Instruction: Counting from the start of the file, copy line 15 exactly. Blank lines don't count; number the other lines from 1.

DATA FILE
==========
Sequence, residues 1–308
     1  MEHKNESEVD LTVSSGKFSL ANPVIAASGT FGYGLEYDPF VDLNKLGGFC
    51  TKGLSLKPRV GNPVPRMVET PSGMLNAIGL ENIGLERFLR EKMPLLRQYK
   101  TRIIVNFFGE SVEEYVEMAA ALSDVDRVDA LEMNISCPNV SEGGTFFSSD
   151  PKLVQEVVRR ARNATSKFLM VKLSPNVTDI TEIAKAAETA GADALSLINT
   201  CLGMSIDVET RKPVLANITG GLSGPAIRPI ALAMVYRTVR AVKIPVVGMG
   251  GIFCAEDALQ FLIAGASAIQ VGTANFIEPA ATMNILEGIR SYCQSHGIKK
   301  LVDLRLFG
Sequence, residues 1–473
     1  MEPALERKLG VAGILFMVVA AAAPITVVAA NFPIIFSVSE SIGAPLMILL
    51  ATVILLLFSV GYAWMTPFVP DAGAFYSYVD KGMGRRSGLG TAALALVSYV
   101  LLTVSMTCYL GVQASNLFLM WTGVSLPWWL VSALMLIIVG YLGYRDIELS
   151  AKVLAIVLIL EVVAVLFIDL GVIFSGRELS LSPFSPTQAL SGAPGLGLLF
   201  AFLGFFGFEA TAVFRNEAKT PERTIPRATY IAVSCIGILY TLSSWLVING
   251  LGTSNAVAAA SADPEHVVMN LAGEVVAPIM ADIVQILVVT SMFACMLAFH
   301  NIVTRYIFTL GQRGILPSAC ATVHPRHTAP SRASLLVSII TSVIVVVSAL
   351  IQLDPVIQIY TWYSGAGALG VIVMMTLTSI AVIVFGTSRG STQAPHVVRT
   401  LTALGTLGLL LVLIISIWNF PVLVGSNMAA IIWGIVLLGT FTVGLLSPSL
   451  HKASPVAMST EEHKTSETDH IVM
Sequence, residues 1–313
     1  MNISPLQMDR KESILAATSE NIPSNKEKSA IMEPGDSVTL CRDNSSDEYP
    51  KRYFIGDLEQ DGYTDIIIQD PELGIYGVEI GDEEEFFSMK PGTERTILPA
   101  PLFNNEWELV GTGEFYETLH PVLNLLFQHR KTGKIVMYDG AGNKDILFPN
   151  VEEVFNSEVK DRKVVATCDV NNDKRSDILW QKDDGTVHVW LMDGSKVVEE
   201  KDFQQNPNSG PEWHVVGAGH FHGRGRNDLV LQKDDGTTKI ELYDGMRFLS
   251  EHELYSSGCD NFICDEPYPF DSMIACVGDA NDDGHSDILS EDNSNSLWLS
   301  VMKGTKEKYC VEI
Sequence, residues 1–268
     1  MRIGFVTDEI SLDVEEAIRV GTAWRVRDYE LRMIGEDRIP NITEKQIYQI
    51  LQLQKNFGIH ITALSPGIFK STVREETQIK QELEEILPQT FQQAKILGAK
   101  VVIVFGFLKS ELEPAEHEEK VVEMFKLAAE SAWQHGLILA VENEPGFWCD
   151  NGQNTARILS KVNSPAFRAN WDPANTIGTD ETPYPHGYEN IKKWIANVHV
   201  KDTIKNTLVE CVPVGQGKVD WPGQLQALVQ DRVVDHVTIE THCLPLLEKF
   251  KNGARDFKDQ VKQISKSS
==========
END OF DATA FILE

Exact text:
   251  LGTSNAVAAA SADPEHVVMN LAGEVVAPIM ADIVQILVVT SMFACMLAFH